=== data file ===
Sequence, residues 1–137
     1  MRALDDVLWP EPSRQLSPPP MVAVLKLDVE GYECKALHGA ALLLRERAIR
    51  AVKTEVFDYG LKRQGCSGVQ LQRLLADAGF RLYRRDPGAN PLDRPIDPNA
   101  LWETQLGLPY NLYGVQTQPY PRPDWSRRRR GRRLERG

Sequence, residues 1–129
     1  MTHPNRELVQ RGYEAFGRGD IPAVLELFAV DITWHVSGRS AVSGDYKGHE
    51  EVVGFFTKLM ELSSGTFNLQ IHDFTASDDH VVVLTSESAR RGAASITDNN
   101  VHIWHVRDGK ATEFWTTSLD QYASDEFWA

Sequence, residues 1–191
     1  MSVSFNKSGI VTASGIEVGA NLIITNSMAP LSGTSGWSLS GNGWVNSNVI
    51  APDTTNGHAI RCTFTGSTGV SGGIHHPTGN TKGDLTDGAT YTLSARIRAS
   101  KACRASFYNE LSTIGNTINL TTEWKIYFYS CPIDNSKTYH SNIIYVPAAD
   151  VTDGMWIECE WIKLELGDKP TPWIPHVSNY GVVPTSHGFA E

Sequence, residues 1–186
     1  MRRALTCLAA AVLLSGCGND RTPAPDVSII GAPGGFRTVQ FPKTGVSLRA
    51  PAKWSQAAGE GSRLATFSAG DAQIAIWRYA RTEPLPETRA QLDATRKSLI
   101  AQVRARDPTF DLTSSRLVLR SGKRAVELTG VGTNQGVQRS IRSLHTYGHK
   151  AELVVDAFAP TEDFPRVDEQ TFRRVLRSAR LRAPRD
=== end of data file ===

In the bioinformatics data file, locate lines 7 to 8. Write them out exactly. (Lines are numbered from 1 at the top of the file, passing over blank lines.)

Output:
    51  EVVGFFTKLM ELSSGTFNLQ IHDFTASDDH VVVLTSESAR RGAASITDNN
   101  VHIWHVRDGK ATEFWTTSLD QYASDEFWA